In this particular instance, Mr. Ford and Twentieth Century-Fox are telling an oft-repeated story from the treasury of Western lore. It's the story of that famous frontier marshal who "cleaned up" Tombstone, Ariz.—Wyatt Earp. And if that doesn't place him precisely in the history catalogue, rest assured that he's been model for film heroes ever since the days of William S. Hart. And since legend is being respected, as well as the conventions of the screen, it is the story of Wyatt's dauntless conquest of a gang of rustlers and a maiden's heart.
But even with standard Western fiction—and that's what the script has enjoined—Mr. Ford can evoke fine sensations and curiously-captivating moods. From the moment that Wyatt and his brothers are discovered on the wide and dusty range, trailing a herd of cattle to a far-off promised land, a tone of pictorial authority is struck—and it is held. Every scene, every shot is the product of a keen and sensitive eye—an eye which has deep comprehension of the beauty of rugged people and a rugged world.
As the set for this film, a fine facsimile of frontier Tombstone was patiently built in the desert of Monument Valley, and it was there that Mr. Ford shot most of the picture. And he is a man who knows that Westerns belong, in the main, out of doors. When he catches a horseman or a stagecoach thumping across the scrubby wastes, the magnificences of nature—the sky and desert—dwarf the energies of man. Yet his scenes of intensity and violence are played very much to the fore, with the rawness and meanness of the frontier to set his vital human beings in relief.
And the humans whom Mr. Ford imagines are not the ordinary stereotypes of films, no matter how hackneyed and conventional the things they are supposed to do. Henry Fonda, for instance, plays a Wyatt Earp such as we've never seen before—a leathery, laconic young cowpoke who truly suggests a moral aim. Through his quiet yet persuasive self-confidence—his delicious intonation of short words—he shows us an elemental character who is as real as the dirt on which he walks.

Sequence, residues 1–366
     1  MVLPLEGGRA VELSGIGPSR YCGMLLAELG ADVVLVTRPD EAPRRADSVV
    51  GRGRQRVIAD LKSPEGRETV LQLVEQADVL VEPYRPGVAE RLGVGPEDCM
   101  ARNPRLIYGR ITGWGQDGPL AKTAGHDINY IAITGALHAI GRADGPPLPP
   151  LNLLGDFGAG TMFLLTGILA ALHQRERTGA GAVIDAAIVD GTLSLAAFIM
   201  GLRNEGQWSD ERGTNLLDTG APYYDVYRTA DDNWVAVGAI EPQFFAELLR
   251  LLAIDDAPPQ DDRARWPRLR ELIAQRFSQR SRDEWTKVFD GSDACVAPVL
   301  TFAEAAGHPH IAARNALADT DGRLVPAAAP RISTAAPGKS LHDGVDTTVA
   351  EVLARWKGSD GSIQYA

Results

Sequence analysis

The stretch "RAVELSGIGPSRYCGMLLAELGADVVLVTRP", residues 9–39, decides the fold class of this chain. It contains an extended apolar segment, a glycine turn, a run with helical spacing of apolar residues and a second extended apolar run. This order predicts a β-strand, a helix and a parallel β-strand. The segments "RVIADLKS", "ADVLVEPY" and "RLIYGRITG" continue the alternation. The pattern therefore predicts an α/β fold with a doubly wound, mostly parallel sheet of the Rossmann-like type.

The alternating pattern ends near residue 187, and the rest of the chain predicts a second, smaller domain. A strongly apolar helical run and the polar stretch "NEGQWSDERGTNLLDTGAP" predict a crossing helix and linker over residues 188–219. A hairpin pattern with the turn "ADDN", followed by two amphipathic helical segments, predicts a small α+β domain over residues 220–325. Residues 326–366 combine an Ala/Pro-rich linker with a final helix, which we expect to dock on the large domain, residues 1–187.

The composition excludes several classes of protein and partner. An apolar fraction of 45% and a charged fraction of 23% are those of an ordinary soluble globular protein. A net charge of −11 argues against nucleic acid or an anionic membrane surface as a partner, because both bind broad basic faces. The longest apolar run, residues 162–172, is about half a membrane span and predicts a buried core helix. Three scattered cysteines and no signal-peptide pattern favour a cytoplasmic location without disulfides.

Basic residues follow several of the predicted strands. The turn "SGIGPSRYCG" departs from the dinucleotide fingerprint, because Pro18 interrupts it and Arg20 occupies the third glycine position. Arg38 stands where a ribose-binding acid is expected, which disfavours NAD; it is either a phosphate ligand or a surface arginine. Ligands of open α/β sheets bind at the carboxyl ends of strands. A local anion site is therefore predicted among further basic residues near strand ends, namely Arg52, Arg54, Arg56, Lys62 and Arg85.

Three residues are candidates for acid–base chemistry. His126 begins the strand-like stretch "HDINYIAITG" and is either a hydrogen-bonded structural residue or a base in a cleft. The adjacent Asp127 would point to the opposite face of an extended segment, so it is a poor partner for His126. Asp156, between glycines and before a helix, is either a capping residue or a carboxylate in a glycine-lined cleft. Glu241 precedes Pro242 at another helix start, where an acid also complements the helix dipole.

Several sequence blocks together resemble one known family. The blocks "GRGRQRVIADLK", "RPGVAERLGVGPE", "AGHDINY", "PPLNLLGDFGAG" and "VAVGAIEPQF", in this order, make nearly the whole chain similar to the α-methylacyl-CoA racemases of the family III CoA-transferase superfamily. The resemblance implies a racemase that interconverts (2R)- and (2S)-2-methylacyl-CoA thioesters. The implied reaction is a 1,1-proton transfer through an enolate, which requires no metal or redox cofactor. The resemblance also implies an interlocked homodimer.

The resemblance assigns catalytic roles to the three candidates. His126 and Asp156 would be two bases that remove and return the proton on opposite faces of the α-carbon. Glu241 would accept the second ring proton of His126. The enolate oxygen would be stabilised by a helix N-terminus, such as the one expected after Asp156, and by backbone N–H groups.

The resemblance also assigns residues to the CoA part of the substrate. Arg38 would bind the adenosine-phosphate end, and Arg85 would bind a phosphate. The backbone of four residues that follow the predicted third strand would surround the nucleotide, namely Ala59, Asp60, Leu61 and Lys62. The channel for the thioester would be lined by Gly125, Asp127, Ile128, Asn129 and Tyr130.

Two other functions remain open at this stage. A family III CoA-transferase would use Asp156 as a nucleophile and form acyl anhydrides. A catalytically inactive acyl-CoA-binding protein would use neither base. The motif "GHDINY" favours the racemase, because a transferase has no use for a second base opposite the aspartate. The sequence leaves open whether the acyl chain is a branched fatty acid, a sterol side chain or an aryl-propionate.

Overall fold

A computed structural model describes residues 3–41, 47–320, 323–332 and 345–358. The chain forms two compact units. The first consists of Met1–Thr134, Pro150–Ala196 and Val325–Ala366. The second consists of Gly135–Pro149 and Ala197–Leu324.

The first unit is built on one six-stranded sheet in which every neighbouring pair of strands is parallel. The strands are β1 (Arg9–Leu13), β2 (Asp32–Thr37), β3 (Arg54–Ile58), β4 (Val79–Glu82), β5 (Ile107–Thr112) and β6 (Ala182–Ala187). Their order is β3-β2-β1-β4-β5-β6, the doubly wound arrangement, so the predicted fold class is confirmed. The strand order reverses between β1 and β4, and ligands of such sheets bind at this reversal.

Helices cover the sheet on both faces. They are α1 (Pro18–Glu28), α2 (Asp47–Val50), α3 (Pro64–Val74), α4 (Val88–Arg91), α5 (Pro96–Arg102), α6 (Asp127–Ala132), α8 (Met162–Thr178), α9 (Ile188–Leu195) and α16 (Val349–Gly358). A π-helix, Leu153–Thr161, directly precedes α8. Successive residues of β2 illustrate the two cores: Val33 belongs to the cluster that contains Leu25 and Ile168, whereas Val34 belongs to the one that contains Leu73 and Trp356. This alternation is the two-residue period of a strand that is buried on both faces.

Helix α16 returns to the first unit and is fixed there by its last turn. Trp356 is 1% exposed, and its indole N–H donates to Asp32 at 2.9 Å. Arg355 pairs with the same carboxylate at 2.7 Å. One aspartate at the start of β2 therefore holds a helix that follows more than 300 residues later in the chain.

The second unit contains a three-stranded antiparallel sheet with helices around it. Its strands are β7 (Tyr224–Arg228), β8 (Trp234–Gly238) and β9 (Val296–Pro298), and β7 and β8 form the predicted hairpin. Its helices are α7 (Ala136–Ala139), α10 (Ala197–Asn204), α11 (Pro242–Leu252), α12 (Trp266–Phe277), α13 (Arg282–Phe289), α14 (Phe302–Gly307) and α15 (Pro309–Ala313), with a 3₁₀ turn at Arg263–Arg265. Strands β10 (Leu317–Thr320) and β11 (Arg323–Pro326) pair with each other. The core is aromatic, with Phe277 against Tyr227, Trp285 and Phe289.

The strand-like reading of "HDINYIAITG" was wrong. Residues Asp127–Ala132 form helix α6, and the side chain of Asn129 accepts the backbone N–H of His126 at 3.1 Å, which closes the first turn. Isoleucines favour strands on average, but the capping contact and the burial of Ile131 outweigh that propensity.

And Walter Brennan is completely characteristic as the scabby old desert rattlesnake whose villainous murder of Wyatt's brother sets off the dramatic fireworks. Even the mawkish fabrication of a young doctor gone to seed and turned bad-man (who later turns a good man) is soundly played by Victor Mature—not to mention the several rawhide buckos who twirl guns and hide behind beards, which are played by such competent actors as Tim Holt, Don Garner and Ward Bond. Mr. Ford is less knowing with the females. Linda Darnell makes a pin-up of a trull, and Cathy Downs is simply ornamental as a good little girl from back East.
However, the gentlemen are perfect. Their humors are earthy. Their activities are taut. The mortality rate is simply terrific. And the picture goes off with several bangs.
MY DARLING CLEMENTINE, screen play by Samuel G. Engel and Winston Miller; based on a story by Sam Hellman; from a book by Stuart N. Lake; directed by John Ford, produced by Mr. Engel for Twentieth Century-Fox. At the Rivoli.
Wyatt Earp . . . . . Henry Fonda
Chihuahua . . . . . Linda Darnell
Doc Holliday . . . . . Victor Mature
Old Man Clanton . . . . . Walter Brennan
Virgil Earp . . . . . Tim Holt
Clementine . . . . . Cathy Downs
Morgan Earp . . . . . Ward Bond
Thorndyke . . . . . Alan Mowbray
Billy Clanton . . . . . John Ireland
Mayor . . . . . Roy Roberts
Kate Nelson . . . . . Jane Darwell
Ike Clanton . . . . . Grant Withers
Bartender . . . . . J. Farrell MacDonald
John Simpson . . . . . Russell Simpson
James Earp . . . . . Don Garner
Town Drunk . . . . . Francis Ford
Barber . . . . . Ben Hall
Hotel Clerk . . . . . Arthur Walsh
BOSLEY CROWTHER New York Times 4 December 1946
, originally uploaded by Benjamoon von Schwulemann.
From Capote's "The Dog's Bark":
"Only once did the tougher Mae reveal herself. The display was occasioned by an intense young girl who, approaching the actress, announced, "I saw Diamond Lil last week; it was wonderful."
"Didja honey? Wherejda see it?"
"At the museum. The Modern Museum."
And a dismayed Miss West, seeking shelter in the sassy drawl of her famous fabrication, inquired, "Just whaddya mean honey, A museum?"